THE 2016 CANBERRA Writers Festival wound up yesterday in a whirlwind of words from keynote speaker Bob Brown, leaving behind it a general feeling of satisfaction with the three-day event.
Naturally the festival director Vickii Cotter was pleased by ACT Chief Mistier Andrew Barr’s pre-election promise of funding for three years.
And “CityNews” bumped into the Director General of the National Library of Australia, Anne-Marie Schwirtlich, thrilled to see the venerable institution packed to the rafters for three days solid.
Indeed when this writer turned up yesterday to a conversation between Meredith McKinney and Humphrey McQueen, accompanied by readings of Judith Wright’s poetry by Lexi Sekuless, it was hard to make it to the lift. In the corner of the foyer, Canberra novelist Karen Viggers was spotted conducting a conversation, the cafe was full and there was a long line at the information table, as people queued for the back to back and simultaneous sessions involving writers as varied as Melinda Tankard Reist, Linda Wells, David W. Cameron, Charlotte Wood and Eimear McBride.
Up the road at the National Portrait Gallery it was the same story, with back to back and overlapping conversations involving Nick Earls, Marion Halligan, Kim Mahood, Richard Glover and Tom Dusevic.
At the Museum of Australian Democracy in Old Parliament House, which also provided the festival’s offices, eager punters vied for tickets to 666 ABC Canberra’s Big Book club with Alex Sloan and newest edition of “The Hansard Monologues”, subtitled “Age of Entitlement” and promising “3 years. 2 PMs. 1 Helicopter.”
Scripted as before by political writer and author Paul Daley with playwright Katie Pollock, this show is the sequel to “The Hansard Monologues: A Matter of Public Importance” was co-commissioned by The Seymour Centre and MoAD and had already been seen two theatres in Sydney and in Wollongong.
This was Verbatim Theatre at its very best and the two writers expertly plundered the words of politicians in the 44th Australian parliament to provide a snapshot of our country in the past three years.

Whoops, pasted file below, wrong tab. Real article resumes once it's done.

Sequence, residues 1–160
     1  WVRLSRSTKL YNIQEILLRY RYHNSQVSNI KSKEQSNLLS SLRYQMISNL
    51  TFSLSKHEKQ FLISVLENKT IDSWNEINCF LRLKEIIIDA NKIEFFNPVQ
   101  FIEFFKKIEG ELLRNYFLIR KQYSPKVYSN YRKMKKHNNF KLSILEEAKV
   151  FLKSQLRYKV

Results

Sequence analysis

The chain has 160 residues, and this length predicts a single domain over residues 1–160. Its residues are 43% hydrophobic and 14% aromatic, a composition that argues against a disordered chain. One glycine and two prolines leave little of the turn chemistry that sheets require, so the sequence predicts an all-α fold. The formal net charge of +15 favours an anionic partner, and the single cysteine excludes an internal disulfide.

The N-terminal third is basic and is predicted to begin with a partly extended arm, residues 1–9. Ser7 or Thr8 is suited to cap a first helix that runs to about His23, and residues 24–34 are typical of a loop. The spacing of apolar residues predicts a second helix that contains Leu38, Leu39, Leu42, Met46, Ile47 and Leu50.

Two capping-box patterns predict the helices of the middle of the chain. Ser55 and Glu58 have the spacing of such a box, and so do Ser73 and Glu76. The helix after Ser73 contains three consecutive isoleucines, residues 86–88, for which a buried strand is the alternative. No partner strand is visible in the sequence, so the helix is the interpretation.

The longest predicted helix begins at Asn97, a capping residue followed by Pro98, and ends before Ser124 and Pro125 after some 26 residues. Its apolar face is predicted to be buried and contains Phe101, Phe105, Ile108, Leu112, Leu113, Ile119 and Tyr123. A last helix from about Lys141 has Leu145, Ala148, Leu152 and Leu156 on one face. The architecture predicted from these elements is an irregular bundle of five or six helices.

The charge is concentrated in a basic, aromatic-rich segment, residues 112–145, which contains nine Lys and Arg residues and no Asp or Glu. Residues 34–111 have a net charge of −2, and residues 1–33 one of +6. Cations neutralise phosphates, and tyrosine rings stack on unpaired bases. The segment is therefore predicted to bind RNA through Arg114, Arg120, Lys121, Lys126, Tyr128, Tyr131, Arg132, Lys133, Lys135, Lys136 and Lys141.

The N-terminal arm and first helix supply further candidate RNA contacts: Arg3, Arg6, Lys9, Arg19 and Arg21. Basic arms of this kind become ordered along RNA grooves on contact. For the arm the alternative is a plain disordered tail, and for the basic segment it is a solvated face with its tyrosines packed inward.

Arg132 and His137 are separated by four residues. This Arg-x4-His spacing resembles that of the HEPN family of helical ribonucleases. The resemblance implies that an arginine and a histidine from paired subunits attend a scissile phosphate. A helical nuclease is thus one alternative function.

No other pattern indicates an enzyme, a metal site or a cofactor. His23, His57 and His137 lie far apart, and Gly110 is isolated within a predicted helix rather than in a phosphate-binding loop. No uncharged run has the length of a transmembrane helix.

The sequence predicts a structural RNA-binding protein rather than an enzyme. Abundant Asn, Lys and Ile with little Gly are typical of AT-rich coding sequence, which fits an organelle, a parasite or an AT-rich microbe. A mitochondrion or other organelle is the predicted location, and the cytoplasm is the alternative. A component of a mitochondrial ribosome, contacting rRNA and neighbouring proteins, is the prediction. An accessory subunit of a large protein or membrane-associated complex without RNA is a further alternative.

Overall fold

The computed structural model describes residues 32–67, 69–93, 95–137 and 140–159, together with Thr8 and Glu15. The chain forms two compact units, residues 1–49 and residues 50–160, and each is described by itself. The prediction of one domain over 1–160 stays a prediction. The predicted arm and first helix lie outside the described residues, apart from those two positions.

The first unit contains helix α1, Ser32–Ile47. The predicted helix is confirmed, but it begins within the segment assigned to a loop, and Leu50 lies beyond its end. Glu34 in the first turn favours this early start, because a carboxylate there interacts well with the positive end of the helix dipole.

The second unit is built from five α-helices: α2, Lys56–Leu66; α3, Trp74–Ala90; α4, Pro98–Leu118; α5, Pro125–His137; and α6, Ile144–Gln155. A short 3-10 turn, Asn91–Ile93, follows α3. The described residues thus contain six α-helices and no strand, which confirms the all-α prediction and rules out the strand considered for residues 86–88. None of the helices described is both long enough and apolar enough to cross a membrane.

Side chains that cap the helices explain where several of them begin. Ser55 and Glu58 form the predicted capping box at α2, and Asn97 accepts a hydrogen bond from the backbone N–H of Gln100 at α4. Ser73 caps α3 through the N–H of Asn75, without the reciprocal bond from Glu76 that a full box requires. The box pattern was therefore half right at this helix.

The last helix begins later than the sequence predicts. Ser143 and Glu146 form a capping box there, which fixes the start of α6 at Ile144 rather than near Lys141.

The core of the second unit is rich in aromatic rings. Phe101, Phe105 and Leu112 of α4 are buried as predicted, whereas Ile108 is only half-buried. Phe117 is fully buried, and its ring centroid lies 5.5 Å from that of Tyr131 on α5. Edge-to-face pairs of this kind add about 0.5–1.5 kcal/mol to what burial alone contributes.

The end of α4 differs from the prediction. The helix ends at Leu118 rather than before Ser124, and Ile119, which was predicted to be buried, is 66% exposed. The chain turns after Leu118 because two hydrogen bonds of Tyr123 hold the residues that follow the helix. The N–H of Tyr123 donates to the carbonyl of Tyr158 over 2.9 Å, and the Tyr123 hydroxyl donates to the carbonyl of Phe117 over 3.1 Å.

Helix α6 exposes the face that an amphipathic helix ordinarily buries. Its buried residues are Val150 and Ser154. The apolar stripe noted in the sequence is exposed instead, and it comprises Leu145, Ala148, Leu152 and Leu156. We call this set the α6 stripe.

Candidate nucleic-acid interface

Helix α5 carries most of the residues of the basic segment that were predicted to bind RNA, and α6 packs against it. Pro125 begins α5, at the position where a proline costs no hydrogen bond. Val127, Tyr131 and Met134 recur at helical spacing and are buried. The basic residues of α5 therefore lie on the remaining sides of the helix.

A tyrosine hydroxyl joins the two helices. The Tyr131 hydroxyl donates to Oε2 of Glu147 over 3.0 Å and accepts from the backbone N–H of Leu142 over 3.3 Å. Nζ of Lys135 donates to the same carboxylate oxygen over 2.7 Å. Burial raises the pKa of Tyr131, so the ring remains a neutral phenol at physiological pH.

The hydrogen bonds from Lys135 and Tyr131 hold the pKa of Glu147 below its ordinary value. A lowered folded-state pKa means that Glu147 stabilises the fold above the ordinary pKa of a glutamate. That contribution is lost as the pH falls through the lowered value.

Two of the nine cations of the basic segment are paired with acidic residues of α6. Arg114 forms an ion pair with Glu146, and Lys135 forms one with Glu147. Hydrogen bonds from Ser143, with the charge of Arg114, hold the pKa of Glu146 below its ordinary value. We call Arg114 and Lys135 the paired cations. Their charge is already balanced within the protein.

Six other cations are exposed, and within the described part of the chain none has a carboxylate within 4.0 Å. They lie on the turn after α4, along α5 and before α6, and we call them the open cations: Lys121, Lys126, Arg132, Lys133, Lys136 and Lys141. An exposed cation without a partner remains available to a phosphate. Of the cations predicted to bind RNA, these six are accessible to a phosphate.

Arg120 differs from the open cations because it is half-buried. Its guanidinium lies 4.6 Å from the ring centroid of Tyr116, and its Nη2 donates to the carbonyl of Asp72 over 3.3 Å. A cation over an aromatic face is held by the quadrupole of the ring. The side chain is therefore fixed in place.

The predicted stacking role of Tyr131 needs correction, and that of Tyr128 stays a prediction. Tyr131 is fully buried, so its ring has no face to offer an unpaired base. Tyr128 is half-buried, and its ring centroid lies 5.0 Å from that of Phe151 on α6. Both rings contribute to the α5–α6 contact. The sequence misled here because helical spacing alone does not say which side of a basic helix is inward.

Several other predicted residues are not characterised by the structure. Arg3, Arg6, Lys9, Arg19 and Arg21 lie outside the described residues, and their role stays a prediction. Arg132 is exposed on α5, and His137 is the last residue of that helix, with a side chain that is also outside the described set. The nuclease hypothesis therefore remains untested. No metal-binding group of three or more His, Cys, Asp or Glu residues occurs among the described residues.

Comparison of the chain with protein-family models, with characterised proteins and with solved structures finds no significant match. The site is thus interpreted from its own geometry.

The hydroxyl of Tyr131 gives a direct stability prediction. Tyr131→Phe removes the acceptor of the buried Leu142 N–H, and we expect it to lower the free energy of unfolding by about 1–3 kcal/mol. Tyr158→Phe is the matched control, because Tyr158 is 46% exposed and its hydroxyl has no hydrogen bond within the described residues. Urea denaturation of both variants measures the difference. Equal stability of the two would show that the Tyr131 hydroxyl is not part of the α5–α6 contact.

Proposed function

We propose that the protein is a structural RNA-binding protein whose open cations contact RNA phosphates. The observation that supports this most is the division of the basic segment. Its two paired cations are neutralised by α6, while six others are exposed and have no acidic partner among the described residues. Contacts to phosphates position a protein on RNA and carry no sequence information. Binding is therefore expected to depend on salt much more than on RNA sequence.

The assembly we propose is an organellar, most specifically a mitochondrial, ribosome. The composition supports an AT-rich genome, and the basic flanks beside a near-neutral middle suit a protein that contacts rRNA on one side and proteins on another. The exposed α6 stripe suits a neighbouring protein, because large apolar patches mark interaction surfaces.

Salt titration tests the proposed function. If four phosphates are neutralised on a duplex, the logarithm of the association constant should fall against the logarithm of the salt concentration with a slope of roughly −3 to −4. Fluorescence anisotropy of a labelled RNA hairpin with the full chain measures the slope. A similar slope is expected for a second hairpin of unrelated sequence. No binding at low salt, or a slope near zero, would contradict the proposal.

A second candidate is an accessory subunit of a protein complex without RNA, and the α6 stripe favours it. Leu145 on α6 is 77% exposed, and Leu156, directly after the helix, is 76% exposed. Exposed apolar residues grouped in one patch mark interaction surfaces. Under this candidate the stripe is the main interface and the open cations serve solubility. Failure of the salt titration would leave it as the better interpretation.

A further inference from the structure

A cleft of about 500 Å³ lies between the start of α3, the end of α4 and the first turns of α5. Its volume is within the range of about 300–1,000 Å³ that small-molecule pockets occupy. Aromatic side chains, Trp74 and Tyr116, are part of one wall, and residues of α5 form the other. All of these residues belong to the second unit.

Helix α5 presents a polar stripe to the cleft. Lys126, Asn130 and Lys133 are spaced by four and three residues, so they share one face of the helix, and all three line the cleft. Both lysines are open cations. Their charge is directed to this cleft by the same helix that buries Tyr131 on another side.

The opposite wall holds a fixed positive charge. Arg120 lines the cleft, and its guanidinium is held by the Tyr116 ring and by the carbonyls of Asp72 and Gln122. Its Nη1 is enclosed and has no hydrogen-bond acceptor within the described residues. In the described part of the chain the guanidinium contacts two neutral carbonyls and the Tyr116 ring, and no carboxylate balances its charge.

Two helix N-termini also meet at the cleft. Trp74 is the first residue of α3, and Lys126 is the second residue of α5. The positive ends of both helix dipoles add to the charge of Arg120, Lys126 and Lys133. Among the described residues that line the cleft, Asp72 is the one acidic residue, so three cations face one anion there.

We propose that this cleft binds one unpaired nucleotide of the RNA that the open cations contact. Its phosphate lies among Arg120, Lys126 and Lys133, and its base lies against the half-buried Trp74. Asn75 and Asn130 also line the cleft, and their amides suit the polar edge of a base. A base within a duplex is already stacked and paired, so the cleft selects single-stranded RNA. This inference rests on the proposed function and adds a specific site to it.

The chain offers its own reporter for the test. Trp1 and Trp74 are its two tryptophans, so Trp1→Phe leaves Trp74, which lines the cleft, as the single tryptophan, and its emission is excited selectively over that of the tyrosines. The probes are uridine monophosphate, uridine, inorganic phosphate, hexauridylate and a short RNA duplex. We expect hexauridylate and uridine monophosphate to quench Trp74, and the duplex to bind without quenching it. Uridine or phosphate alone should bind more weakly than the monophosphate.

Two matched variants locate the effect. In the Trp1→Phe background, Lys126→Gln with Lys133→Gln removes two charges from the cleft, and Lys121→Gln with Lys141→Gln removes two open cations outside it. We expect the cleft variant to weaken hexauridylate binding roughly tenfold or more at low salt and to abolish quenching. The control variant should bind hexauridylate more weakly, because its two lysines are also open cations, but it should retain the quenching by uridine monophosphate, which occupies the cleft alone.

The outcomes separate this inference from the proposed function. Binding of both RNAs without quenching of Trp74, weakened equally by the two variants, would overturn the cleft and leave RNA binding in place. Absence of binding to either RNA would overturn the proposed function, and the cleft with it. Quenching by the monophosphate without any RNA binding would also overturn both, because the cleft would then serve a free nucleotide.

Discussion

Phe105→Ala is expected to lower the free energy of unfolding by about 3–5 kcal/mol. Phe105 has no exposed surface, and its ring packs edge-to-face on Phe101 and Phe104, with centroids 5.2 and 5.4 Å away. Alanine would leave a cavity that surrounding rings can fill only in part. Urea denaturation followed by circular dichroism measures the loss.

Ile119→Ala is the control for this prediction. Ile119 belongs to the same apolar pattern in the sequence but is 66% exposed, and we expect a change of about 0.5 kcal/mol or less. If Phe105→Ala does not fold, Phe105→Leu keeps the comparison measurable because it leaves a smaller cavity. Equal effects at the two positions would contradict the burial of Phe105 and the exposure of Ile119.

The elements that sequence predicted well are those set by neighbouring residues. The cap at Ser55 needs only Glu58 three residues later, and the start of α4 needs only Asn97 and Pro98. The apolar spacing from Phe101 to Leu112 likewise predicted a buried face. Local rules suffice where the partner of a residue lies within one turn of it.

Set against a visual backdrop of projections telling us which politician said what, the Clarke & Dawe style of non-representation and the technique of allocating speeches randomly among the actors irrespective of gender allowed the audience to focus on the words themselves rather than the personalities. It must be said, though, that the grin on the face of actor John Gaden as Malcolm Turnbull the morning after he rolled Tony Abbott was an acting moment to die for.
Although the subjects were deep and broad, ranging from pensions to refugees and the Toxic Tax, it was missing the high drama of Julia Gillard’s misogyny speech, the highpoint of the 2013 “Hansard Monologues.”
This edition struggled to find a climax, so that when interval came seem to time to go home. But there was more to come. An unexpectedly poignant moment came in the valedictory speech of Bronwyn Bishop spoken by Heather Mitchell, clear proof that allowing the words to ‘speak for themselves’ can offer a new perspective, even to a partisan audience.
Now it is time for the Canberra Writers Festival director and committee to assess the detail of this event to ensure that it can be sustained. The appearance of celebrities was notable, but one question to be canvassed will be local ownership. Political centre Canberra may be, but it also has literary writers of substance who should be brought to the centre. As well, the lamentable dearth of poetry and drama needs to be addressed.
Nonetheless, the enthusiasm with which volunteers and public like embraced the 2016 festival bodes well for the future. As one visiting from interstate remarked to “CityNews”, “Canberra looks like the ideal place for a book festival.”
Watch canberrawritersfestival.com for details of the 2017 event.